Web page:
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Admiral Nurse of over 21 years, Jules Knight, on the changing landscape of dementia care

Jules Knight has been an Admiral Nurse since 1999. She has worked tirelessly in the community, in hospital, and on the Admiral Nurse Dementia Helpline. She is now a Consultant Admiral Nurse helping to establish new dementia specialist services around the country. At the 2020 Admiral Nurse Forum, Jules was honoured with a long-service award for her commitment to dementia care. We spoke to her about her career, Admiral Nursing, and her hopes for the future.

Firstly, huge congratulations on being honoured at the Admiral Nurse Forum. How does it feel to be recognised in this way?

The Professional and Practice Development team outdid themselves as it was the first time the Forum was hosted as a virtual event – the day was very special. The theme of resilience provided a real boost for our Admiral Nurses. To receive the award in front of such prestigious colleagues was an incredibly emotional experience for me, it was completely unexpected, and I feel very proud.

Can you tell us a bit about your career as an Admiral Nurse?

I started working as an Admiral Nurse in September 1999, so I have been an Admiral Nurse for just over 21 years. I set up and worked in two community Admiral Nurse services between 2000 and 2013. I then had some time away from Admiral Nursing working as a Young Onset Dementia Specialist Nurse and as a Dementia Clinical Nurse Specialist in an acute hospital. However, during my time away I continued to work on the Admiral Nurse Dementia Helpline. I returned to full–time Admiral Nursing in December 2018, when I started my current role as a Consultant Admiral Nurse.

What does Admiral Nursing mean to you?

Dementia UK and Admiral Nursing have shaped my career and supported me to become the nurse I am today, and I’m truly proud of what I do. I work with an amazing team of people within Dementia UK and I also support our wonderful Admiral Nurses, so it feels incredibly special.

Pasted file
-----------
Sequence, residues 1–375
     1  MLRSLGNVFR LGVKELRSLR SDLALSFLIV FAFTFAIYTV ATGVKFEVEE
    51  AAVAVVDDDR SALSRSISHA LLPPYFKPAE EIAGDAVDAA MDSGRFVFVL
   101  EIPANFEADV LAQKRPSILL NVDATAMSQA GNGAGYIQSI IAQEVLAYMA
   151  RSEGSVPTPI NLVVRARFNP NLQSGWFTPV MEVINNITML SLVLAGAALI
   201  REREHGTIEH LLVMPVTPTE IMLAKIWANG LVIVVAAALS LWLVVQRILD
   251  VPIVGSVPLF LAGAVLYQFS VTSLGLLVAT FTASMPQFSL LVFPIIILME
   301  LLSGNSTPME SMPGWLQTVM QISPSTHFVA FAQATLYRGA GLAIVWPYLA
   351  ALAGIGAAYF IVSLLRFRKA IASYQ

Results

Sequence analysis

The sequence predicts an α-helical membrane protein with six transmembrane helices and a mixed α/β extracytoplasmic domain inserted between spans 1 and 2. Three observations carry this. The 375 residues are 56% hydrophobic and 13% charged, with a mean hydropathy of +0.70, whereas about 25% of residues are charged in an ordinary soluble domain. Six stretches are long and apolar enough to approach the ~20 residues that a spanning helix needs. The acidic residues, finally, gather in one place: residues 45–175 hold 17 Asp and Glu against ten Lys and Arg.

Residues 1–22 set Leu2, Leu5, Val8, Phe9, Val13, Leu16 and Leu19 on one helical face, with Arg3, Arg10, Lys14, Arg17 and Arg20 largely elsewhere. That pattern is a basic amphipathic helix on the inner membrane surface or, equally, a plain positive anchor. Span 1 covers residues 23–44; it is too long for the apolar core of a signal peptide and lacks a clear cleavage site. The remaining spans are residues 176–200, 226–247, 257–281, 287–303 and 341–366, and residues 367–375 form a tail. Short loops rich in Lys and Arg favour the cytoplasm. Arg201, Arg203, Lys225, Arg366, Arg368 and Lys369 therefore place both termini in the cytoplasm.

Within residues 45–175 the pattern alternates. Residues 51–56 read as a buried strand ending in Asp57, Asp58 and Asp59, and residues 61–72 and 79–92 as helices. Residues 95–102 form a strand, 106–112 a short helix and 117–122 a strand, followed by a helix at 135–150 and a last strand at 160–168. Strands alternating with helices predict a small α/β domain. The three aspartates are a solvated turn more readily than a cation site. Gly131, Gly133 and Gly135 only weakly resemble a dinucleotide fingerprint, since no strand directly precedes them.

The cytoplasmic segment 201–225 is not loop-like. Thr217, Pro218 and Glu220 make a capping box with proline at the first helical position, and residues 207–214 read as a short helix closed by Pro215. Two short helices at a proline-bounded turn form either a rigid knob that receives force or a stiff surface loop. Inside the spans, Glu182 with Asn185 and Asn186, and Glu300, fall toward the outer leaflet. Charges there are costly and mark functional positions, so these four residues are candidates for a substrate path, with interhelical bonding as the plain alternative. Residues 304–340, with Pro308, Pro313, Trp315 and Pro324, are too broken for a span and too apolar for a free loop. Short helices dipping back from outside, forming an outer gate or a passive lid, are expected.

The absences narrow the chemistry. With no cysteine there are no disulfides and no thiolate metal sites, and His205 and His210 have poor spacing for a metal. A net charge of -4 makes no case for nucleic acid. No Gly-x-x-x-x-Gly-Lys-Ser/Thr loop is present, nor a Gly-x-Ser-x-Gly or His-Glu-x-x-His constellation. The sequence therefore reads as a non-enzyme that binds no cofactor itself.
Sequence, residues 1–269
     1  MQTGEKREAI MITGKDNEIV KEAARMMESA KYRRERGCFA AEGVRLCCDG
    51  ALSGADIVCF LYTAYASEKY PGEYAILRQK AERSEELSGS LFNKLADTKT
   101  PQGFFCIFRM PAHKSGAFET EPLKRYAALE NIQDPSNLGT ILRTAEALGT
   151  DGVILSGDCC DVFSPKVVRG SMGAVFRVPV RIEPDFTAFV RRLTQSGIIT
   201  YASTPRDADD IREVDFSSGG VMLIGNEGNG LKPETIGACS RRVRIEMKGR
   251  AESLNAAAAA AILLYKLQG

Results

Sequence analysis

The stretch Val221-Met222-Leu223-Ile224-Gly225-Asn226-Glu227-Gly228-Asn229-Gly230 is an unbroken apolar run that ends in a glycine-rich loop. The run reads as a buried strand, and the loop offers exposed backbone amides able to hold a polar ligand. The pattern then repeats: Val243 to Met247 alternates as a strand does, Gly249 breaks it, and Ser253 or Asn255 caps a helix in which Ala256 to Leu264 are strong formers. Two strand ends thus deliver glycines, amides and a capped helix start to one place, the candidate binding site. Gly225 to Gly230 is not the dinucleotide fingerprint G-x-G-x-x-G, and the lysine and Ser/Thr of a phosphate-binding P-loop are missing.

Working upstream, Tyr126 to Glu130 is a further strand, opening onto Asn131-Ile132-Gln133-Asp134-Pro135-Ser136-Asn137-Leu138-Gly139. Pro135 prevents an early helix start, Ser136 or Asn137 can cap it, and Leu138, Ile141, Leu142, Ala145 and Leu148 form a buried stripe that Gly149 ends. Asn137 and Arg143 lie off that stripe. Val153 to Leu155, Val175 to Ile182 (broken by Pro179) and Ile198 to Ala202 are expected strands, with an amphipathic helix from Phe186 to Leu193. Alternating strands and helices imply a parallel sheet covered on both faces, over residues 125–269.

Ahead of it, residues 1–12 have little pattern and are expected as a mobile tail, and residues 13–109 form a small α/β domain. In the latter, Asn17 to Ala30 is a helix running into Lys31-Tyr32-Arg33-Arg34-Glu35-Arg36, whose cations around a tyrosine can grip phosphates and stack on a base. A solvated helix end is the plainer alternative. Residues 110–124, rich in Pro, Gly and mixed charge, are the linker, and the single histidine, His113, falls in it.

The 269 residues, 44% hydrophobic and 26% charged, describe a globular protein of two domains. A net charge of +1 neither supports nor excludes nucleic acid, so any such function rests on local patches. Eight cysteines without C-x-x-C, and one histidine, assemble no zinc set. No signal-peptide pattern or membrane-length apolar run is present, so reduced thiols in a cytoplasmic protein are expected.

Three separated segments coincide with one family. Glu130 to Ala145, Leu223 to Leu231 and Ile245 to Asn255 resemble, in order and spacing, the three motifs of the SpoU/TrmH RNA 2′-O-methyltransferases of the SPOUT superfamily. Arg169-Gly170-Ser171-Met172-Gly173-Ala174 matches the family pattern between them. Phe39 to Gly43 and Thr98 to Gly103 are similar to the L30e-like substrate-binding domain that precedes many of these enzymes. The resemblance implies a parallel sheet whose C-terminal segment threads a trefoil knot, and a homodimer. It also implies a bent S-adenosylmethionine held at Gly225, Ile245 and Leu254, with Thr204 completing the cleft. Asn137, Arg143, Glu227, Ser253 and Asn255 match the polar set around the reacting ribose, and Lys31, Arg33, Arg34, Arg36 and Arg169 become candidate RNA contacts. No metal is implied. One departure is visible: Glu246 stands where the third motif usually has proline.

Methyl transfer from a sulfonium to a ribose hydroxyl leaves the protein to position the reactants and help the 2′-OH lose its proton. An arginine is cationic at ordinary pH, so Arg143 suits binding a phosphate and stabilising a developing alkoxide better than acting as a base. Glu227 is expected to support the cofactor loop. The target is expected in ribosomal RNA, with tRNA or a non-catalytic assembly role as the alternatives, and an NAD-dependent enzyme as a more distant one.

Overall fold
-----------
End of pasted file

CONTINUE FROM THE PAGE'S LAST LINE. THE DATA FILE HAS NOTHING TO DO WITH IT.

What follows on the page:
How has dementia care changed over the years?

I think the most important change that I have seen over the years has been the empowerment of people with dementia in raising awareness and influencing change in all aspects of dementia care. People living with dementia are now powerful campaigners and influencers.

I have seen the role of the Admiral Nurse diversify from the community setting to working within specialist areas such as care homes, acute hospitals and hospices. We have also recruited more nurses with specialisms in areas like young onset and learning disabilities. Supporting people living with dementia and their families is at the heart of what Admiral Nurses do.

What challenges have arisen out of the pandemic?

The main challenge for Admiral Nurses and carers is the closure of dementia support services. The restrictions mean that carers are isolated at home, often managing incredibly difficult situations without a break from their role. Our Admiral Nurses adapted how they work, and many are using online meetings to re-establish support groups, training and educational sessions, and one–to–one support. However, the level of complexity and distress has been heightened by the ongoing restrictions.

What are your hopes for the future?

For people living with dementia and their families, I hope that in the coming months we see the positive impact of the vaccine programme, an ease in the restrictions, and with this the restarting of dementia support services.

I have a specialist interest in young onset dementia, and I would like to see the development of more specialist young onset dementia Admiral Nurse posts over the next few years. People living with young onset dementia and their families face unique challenges that can often be very complex, and they often struggle to find appropriate support.

Overall, I would like to see Dementia UK continuing to grow and flourish, so that more people affected by dementia have access to specialist support and advice from an Admiral Nurse in their local area.